Ah, the wonderful world of Alex Rodriguez.
During his meeting with reporters today, the subject of PEDs came up and Rodriguez said he was tested nine or 10 times last season.
While that sounds good, that many tests would indicate a problem. Players are usually tested twice: once during spring training and at some random time during the season. There are 600 additional random tests during the season spread out over 1,200 players or so.
There is little chance that one player would be selected randomly seven or eight times. That many extra tests would usually indicate that the player tested positive for a stimulant and was being subjected to extra tests.
As reporters started to check out the mysterious number of extra tests, the Yankees went back to Rodriguez. He has since admitted that he exaggerated the number of tests he underwent.
The Yankees, I’m told, will be releasing a statement later this evening to clarify his remarks.
UPDATE, 7:20 p.m.: Here is a statement from Rodriguez:
â€œMy quote from earlier today was taken literally. I was not tested nine or 10 times last year. I was just using exaggeration to make a point.
“My intent was simply to shed light on the fact that the current program being implemented is working, and a reason for that is through frequent testing.
â€œI apologize for any confusion I may have caused.â€
UPDATE, 9:11 p.m.: Nothing like A-Rod to get people talking. Nearly 100 comments already. A few points: While I realize the natural reaction of fans is to blame the media and make excuses for the players, listen to the audio that is available exclusively on this blog.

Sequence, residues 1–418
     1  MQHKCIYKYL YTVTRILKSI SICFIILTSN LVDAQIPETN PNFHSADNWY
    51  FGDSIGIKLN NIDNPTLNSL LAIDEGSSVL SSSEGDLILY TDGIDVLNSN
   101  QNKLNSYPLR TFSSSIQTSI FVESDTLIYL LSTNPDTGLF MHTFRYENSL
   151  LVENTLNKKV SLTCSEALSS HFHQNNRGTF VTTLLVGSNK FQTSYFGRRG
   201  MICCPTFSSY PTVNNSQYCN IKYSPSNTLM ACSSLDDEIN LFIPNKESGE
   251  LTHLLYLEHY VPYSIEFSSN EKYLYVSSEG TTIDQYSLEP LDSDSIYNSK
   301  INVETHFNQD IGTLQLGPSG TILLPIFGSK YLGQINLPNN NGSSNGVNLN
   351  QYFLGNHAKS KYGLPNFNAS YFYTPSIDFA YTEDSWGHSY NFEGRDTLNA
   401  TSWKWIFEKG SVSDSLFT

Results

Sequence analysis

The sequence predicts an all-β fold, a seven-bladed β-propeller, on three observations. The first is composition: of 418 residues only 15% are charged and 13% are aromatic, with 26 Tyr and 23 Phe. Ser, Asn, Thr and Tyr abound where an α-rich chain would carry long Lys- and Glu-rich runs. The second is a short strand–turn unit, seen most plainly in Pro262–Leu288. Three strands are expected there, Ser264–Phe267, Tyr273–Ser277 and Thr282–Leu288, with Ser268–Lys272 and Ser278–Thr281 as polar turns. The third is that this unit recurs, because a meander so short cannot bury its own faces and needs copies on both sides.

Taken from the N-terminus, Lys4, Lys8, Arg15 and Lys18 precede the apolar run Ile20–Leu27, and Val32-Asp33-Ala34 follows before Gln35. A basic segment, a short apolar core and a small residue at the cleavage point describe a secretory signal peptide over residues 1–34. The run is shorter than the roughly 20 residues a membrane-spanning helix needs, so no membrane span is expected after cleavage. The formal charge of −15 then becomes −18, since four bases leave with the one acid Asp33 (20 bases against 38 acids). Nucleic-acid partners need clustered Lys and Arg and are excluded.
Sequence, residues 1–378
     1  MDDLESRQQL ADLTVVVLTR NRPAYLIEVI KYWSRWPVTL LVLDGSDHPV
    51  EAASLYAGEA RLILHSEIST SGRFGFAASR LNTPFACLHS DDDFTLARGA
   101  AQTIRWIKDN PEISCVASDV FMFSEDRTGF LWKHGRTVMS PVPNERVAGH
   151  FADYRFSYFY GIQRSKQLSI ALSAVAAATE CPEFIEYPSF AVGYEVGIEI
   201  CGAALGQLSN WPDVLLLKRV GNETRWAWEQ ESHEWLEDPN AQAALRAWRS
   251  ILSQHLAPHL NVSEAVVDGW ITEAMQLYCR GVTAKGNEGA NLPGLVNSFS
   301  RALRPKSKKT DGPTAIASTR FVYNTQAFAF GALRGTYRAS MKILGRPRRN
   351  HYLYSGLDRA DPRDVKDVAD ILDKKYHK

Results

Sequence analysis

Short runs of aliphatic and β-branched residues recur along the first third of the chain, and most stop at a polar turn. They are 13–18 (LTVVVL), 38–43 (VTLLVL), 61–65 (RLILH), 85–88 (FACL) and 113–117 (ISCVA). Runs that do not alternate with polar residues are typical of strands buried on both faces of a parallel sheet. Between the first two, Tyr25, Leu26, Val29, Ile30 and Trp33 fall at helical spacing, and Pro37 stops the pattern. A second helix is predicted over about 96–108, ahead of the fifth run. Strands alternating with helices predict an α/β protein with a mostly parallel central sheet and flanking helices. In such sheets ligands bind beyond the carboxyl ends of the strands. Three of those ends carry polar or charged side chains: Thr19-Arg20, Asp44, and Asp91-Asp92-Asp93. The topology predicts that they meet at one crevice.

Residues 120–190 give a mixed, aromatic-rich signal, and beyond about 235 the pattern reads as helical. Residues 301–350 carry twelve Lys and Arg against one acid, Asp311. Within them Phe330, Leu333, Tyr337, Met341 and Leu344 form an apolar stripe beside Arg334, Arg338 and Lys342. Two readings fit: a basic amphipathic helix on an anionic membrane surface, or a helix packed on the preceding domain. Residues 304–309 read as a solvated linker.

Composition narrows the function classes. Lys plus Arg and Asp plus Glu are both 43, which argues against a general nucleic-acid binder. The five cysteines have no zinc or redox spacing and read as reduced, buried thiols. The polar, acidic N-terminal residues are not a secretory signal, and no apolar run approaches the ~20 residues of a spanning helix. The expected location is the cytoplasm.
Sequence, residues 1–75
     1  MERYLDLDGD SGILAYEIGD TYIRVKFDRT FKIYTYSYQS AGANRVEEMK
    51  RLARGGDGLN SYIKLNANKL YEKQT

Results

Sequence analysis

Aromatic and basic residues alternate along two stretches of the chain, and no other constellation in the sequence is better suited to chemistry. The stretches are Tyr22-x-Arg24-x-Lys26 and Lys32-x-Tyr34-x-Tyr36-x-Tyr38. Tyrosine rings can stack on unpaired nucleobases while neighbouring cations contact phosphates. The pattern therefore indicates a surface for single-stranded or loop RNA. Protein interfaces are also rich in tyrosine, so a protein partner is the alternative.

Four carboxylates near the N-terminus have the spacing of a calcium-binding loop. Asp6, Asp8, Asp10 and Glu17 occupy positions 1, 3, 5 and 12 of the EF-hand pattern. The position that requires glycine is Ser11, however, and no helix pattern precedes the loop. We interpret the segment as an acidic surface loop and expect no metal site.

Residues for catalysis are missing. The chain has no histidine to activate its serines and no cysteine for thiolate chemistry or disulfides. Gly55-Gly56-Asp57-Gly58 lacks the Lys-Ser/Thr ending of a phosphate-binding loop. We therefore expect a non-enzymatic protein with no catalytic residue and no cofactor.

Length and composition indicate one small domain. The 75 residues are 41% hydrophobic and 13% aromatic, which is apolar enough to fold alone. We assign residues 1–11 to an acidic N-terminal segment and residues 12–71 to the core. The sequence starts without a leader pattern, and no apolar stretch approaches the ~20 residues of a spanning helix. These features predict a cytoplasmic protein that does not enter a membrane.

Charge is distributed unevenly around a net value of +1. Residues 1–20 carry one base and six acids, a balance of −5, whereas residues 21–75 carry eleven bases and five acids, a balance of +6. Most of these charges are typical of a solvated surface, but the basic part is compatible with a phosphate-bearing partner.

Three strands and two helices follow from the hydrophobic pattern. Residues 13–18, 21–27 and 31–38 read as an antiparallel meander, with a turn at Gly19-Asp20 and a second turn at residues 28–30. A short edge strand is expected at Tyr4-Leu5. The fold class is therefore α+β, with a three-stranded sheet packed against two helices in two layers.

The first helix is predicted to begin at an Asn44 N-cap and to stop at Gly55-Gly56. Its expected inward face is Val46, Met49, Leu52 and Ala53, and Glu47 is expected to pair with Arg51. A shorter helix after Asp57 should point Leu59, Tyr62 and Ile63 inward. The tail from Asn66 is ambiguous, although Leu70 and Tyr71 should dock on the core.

Alex was not laughing or joking when he said he was tested nine or 10 times. He said it as fact. The interview, which lasted only eight minutes, ended a few minutes later.
As we were writing our stories later in the day, some people noticed that 9 or 10 tests would indicate that A-Rod was being singled out for extra testing for amphetamine use. Do you think maybe that would be a story? Um, yes.
So people made calls. Brian Cashman, MLB, the MLBPA, Scott Boras. The irresponsible thing would have been to just rely on what Alex said and write the story.
When we checked it out, it turned out Alex had exaggerated and the Yankees issued a statement.
What did the media do wrong? Nobody asked Alex how many times he had been tested, he volunteered the information. If he had said, “I was tested 100 times” everybody would have known he was kidding. But a player being tested for stimulants would get tested exactly nine times.
In this climate, with Congress lurking, the best player in baseball has to watch what he says about drug testing. Alex should have known better.